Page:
On Thursday, Alabama death row inmate Ronald Bert Smith is scheduled to be executed. With the hours ticking away, he’s waiting on two appeals that illustrate two different debates over how the death penalty is carried out in America.
How to die
Smith has argued that the lethal injection procedure Alabama uses is prohibited by the Eighth Amendment against cruel and unusual punishment.
The 2015 Supreme Court decision Glossip v. Gross held that inmates who argue that their method of execution is cruel and unusual must present alternatives that are "known and available" and likely to substantially reduce the risk of pain. In other words, if you want to say your lethal injection would be unconstitutionally painful — which is what Smith is arguing — you have to suggest a way you’d rather die.
Smith, who was convicted of fatally shooting a store clerk during a 1994 robbery, proposed execution by a heavy dose of the sedative midazolam, a method that had never been used before. It would feel like overdosing on heroin, doctors told me. However, a federal judge ruled that the statute of limitations had passed. Smith appealed and is awaiting a decision this week.
Smith isn’t the only Alabama death row inmate who has asked for a new way to die. Convicted murderers Tommy Arthur proposed death by firing squad and Anthony Boyd suggested firing squad or hanging. The judge threw out both cases because Alabama’s execution law only allows lethal injections.
“It could feel like you’re on fire, but there’s no way of them being able to say to somebody, ‘This hurts.’”
Why are these challenges coming now? In the last five years, big drug manufacturers blocked states from using their drugs in executions and European countries banned their import to the US. More and more states faced execution drug shortages, driving them to develop new, untested methods. "This level of experimentation on human bodies is out of control," said Deborah Denno, a Fordham University law school professor who studies lethal injections.
Alabama was one of several states that changed its lethal injection protocol after the supply of old drugs dried up. It has used its new three-drug cocktail — midazolam as a sedative, rocuronium bromide as a paralytic, and potassium chloride to stop the heart — exactly once, for the execution of convicted murderer and rapist Christopher Brooks in January.
A witness to that execution said in an affidavit that she saw Brooks’ left eye pop open. That could indicate he was in profound pain as he died, anesthesiologists said (although state officials disagreed). If the initial sedative isn’t strong enough, the inmate could feel the excruciatingly painful effects of the heart-stopping drug — and because of the paralyzing drug, he wouldn’t be able to move at all. "It could feel like you’re on fire, but there’s no way of them being able to say to somebody, ‘This hurts,'" said Randall Tackett, a University of Georgia anesthesiologist.
If Smith’s appeal had been granted, it would have meant the three-drug protocol was unconstitutional and prevented the state from using it ever again.
Smith's challenge doesn't get at the bigger issue of whether the death penalty itself is constitutional. Medical ethicists have suggested that executions are never humane, which would make the question of methodology superfluous. Sedative dosage levels and statutes of limitations are layers of abstraction away from whether the state should kill.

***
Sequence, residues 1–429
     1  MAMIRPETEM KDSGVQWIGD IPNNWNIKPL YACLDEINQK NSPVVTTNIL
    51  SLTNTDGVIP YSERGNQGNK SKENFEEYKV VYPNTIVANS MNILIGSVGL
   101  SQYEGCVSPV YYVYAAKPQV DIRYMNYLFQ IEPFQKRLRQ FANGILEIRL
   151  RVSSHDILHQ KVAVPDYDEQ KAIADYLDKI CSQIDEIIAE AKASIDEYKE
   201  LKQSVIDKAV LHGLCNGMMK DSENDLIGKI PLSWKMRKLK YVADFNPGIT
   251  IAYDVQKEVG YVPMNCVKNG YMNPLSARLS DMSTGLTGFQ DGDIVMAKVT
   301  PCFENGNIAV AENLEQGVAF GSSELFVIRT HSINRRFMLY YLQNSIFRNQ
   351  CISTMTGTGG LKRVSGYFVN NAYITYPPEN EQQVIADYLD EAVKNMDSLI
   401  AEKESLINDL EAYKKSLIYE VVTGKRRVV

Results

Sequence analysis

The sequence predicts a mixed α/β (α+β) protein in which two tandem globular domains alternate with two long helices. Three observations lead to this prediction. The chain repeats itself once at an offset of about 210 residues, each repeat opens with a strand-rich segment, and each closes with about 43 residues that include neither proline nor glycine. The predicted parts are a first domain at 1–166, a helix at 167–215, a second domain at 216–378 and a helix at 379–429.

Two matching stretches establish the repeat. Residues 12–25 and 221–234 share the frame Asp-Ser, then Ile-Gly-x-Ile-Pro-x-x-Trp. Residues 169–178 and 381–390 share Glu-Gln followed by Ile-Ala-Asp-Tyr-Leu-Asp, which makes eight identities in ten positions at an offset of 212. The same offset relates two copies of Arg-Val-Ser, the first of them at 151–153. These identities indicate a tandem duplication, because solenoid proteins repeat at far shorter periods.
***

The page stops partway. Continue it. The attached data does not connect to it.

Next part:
But as long as we have capital punishment, the way people are killed is an important ethical question. And it’s one that our court system isn’t fully addressing: Throughout weeks of legal wrangling over the alternate method that Smith proposed, the judge didn’t directly consider the constitutionality of Alabama's current procedure.
"There are really legitimate concerns about what the states are doing here, but the way courts are applying this, in forcing plaintiffs to establish a viable alternative, means the courts don’t even get to the merits of their underlying claim," said Jennifer Moreno, an attorney at the Berkeley Law School death penalty clinic.
Smith is also waiting on a separate appeal to the US Supreme Court over the way he was sentenced to death. The jury in his case recommended that he serve life in prison, by a vote of 7 to 5. But the trial court judge overrode their decision, sentencing Smith to death in October 1995. Alabama is the only state to allow judicial override in death penalty cases.
Earlier this year, the Supreme Court struck down Florida’s death penalty statute, which also allowed judges to override juries and unilaterally sentence defendants to death. Smith’s lawyers are arguing that his case is similar enough to the Florida case that he should get a new trial or at least a stay of execution. The Alabama State Supreme Court rejected that claim last month, so the appeal is at SCOTUS.
Smith’s legal challenges represent one front in a larger nationwide fight to end the death penalty. The results are mixed. Voters in California, Nebraska, and Oklahoma supported pro-death-penalty ballot measures last month. But polls show public support for capital punishment at its lowest level in over 40 years, especially among young people. Fewer Americans will be executed in 2016 than any year since 1991, and juries are sentencing far fewer defendants to death. That can give Alabama’s 185 death row inmates some hope for the future.
Smith received a last minute stay from SCOTUS, but his execution was allowed to proceed hours later.